Your brand is what your donors consistently experience.
Your brand is also your logo and your colors and how you describe your work. Those things matter.
But in my experience, they don’t matter as much as what your donors experience during and after they give a gift to you.
A Brand is an Experience
There’s a big difference between a nonprofit brand and a product-based brand. When you purchase a product, you get to experience the product. You know if it’s well-made or not. You know if you feel good or look good with it.
But when your donor makes a gift to your organization, she doesn’t receive any product. The only thing your donor receives are your ongoing donor communications.
So it’s your donor’s experience of seeing, reading, and then feeling emotions caused by your communications that are your brand to her.
You might think it’s your logo and colors. But that’s a small part of the experience for her.
Three Branding Elements that Raise Money
Here are the three things that I see – the “brand elements” if you will – that make the most difference in small- to medium-sized nonprofit branding.
If your fundraising doesn’t have these elements, you can start raising more money immediately by adding them in the right places.
- Make your donor feel needed. Donors love to feel needed! Do you tell her directly that she’s needed? Do your communications reinforce that she and her gift are needed? Telling her you need “partners” or asking her to “continue our good work with your support today” do not do this. This happens best anytime you’re asking for money: appeals, e-appeals, events, etc.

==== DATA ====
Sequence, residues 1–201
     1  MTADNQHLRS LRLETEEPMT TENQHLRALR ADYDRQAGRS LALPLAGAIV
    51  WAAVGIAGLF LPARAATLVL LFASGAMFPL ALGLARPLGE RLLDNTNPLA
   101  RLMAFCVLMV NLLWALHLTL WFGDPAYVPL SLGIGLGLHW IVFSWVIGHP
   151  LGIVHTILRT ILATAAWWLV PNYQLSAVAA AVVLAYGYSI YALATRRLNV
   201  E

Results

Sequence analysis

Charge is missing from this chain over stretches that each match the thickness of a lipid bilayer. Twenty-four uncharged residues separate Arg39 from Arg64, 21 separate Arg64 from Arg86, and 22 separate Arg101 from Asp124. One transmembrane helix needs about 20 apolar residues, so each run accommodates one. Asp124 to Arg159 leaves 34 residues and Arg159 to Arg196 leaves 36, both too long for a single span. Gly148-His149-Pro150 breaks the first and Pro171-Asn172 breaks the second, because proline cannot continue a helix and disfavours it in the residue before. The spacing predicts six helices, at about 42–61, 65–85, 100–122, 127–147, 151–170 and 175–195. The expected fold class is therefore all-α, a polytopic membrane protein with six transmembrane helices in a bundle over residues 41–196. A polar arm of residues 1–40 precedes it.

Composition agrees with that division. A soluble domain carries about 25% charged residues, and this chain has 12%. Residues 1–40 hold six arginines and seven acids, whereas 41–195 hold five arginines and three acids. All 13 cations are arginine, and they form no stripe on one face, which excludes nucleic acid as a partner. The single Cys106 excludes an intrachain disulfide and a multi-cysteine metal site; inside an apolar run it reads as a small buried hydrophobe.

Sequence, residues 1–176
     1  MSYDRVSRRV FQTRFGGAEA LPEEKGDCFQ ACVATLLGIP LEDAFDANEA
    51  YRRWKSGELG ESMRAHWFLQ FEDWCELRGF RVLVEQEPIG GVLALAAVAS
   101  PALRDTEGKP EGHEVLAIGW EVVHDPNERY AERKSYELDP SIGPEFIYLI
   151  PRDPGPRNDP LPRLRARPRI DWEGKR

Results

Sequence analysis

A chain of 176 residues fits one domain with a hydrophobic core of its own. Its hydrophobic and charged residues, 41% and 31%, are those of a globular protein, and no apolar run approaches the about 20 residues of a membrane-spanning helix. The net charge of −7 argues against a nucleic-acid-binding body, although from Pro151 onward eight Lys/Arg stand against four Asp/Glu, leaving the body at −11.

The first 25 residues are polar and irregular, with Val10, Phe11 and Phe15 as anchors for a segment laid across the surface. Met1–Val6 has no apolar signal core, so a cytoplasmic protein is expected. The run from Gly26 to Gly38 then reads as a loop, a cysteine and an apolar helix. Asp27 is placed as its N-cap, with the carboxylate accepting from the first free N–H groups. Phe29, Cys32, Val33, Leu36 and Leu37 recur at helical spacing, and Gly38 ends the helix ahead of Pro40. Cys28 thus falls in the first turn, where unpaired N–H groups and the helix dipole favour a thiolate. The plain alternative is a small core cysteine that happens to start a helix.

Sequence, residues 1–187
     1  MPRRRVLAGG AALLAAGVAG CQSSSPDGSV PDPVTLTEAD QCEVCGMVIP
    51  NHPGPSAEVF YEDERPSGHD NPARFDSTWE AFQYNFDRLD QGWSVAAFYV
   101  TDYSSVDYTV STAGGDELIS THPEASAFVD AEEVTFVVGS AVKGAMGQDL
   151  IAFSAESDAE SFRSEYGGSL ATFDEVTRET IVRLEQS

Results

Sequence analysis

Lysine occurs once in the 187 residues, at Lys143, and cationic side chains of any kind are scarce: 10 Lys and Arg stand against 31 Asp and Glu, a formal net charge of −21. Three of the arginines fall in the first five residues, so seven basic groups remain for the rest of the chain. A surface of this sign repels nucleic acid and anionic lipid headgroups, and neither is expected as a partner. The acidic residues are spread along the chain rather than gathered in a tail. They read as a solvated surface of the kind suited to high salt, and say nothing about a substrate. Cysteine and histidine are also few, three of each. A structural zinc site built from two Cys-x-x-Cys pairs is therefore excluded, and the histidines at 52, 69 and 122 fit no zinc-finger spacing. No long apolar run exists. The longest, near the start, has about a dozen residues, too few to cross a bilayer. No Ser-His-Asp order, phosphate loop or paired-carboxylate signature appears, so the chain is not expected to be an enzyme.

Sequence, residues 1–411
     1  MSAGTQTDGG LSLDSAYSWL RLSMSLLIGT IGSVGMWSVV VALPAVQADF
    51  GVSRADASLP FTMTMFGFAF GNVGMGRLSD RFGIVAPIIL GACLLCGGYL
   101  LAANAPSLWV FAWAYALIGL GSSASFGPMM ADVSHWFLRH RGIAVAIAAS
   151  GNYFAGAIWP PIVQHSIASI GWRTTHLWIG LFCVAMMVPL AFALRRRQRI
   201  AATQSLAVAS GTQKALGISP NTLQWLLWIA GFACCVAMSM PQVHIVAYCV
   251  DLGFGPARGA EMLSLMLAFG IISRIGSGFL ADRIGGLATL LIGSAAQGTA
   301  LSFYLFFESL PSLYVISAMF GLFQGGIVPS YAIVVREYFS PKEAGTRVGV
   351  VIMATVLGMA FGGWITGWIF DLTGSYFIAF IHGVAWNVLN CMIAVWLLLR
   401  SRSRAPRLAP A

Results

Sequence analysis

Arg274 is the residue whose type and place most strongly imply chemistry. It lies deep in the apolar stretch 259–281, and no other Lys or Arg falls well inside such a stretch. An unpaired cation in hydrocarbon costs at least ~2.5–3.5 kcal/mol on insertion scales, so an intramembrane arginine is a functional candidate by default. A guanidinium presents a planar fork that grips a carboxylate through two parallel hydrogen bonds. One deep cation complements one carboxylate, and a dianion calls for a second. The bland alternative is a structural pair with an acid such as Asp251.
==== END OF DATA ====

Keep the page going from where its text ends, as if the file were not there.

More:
- Make your donor feel great when she gives a gift. Does your receipt arrive fast? Does it acknowledge the intent of her gift (if you know it)? Is it followed with a phone call? A personal note? Any nonprofit can make a donor feel acknowledged – but does your Thanking process and content make a donor feel special?
- Regularly tell your donors what their giving accomplished. An annual report and standard-issue nonprofit e-news do not do this. You have to intentionally communicate to donors the impacts of their giving, in language they understand, and give them the credit for the change. Look at your donor communications and read the words carefully – do they tell your donor what your organization did, or do they tell your donor what she did?
I know most nonprofits don’t think about their brand in this way. But in my experience, these three elements, far more than elements like “your organization’s competency” or a tagline, are the active ingredients of a nonprofit brand that engages donors and keeps them giving.
So focus on these three elements. They move the needle more.
Add them to your brand and you’ll start raising more money immediately. And you’ll raise more money in the long term because you’ll keep more of your donors.